Back in Vol. 6 I mentioned that I was planning on picking up his last couple of quartet albums. Well, the first of those has arrived and the other is on the way. Although I've give it a couple of spins this week I'm yet to really give it a solid listen. As is the case with many European (or non-American) musicians, I don't hear Christian mentioned much here in the U.S. Like Choral, the tracks are concise with 10 of 11 tunes between 3-5 minutes and even the "long" track (the opener "Windchoral") is a reasonable 7 and half minutes. It keeps things moving - moods, feeling, tempos and textures shift at a nice rate of change while maintaining unity across the album. All involved make strong contributions. Kaufmann replacing Colin Vallon is the only change in personnel from The Inward Song and I feel it had a positive effect. This album will be in for many more listens and I'm looking forward to spinning it back to back with Every Hour of the Light and Dark when it arrives.

Tonight's music was accompanied by Lambickx (Wambeek, De Troch). And now it must be about time to tune in to the fourth test - India vs England. India are up 2-0 in the series (of 5) and it looks like England won the toss and will bat.

The Lambic Jazz Series: Vol.10 - Vol.9 - Vol.8 - Vol.7 - Vol.6 - Vol.5 - Vol.4 - Vol.3 - Vol.2 - Vol.1

Monday, December 05, 2016

The Plugged Nickel

Miles Davis Chicago History Museum
The Plugged Nickel circa late 1960s 
(excuse the glare on my photo).
The Sigmund J. Osty collection - Chicago History Museum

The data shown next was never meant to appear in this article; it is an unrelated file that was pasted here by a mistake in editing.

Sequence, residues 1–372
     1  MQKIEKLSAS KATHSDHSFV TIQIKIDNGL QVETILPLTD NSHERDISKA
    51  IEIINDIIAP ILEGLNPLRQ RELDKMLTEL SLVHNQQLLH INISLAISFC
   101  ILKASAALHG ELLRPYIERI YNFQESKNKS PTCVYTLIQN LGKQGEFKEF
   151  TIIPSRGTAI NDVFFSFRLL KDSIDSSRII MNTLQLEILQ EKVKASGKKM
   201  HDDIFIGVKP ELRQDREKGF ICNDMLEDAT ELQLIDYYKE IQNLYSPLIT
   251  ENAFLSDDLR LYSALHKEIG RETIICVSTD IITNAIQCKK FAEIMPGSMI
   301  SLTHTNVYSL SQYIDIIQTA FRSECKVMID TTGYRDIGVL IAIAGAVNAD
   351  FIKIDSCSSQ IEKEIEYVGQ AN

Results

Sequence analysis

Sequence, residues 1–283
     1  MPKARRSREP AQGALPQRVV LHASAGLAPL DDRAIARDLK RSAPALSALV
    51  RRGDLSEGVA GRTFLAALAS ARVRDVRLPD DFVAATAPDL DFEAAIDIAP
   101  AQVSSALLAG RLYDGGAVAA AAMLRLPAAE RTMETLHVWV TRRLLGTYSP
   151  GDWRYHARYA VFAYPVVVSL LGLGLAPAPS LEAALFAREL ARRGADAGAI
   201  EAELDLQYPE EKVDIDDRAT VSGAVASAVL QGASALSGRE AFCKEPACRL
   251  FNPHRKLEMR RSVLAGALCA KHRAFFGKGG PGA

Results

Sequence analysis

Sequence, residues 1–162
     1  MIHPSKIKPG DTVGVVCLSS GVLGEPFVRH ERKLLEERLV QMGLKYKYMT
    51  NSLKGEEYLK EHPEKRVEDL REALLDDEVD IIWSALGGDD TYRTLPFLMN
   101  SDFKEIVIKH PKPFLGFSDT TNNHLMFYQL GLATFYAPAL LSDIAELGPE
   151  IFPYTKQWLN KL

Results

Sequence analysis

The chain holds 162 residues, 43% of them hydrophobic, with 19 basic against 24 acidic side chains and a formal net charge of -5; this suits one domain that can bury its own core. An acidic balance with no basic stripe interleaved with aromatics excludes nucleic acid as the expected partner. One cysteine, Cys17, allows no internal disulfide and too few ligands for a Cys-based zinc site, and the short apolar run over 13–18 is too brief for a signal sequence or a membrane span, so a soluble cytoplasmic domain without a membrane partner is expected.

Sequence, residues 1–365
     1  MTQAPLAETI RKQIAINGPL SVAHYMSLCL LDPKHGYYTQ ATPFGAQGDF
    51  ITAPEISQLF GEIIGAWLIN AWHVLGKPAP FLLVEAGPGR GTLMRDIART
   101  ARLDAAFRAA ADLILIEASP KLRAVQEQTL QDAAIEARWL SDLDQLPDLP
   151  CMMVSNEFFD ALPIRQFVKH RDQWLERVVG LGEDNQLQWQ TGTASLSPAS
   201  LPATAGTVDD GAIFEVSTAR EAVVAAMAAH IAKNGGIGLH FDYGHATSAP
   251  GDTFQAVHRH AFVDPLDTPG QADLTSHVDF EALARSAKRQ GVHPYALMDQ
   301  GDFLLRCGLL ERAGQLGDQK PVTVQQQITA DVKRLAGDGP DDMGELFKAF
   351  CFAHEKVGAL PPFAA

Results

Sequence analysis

One of my fellow interns at the Chicago History Museum is working on processing a collection photographs of buildings from across Chicago. As she was working her way through them I spotted this jazz-related gem taken sometime in the late 60s/early 70s - the Plugged Nickel at 1321 N. Wells Street (a short walk from the Museum).

I've been keeping my eye out for the Complete Live at the Plugged Nickel 1965 box set. Used copies are so expensive that sometimes I almost succumbed to getting the digital version, but I managed to hold out until I found it reasonably priced last week (although it has been put aside for a Christmas present). Many consider the recordings Miles' quintet made at the Plugged Nickel to  be classics and an essential part of any jazz collection, and it would be nice to see the box set available again in a physical format (seems more likely it will be as vinyl).
old town chicago
As it appears in September 2016

While hunting online for articles regarding the club, I came across the article below from the Chicago Tribune (May 17, 1981) in which Larry Kart ponders why Columbia haven't reissued the Plugged Nickel LP in the U.S....I know the feeling.

Larry Kart Chicago TribuneLarry Kart Chicago Tribune

Thursday, December 01, 2016

Lambic Jazz Vol.10

With Thanksgiving done and dusted classes resume as does the 10th edition of Lambic Jazz. I have a number of recordings of Third Stream - that curios blend of jazz and classical - it manages to draw me in even though not much of it really appeals to me. So following a short practice, here I am relaxing after class with a glass of Boon Ode Geuze while listening to The Modern Jazz Society Presents a Concert of Contemporary Music (Verve).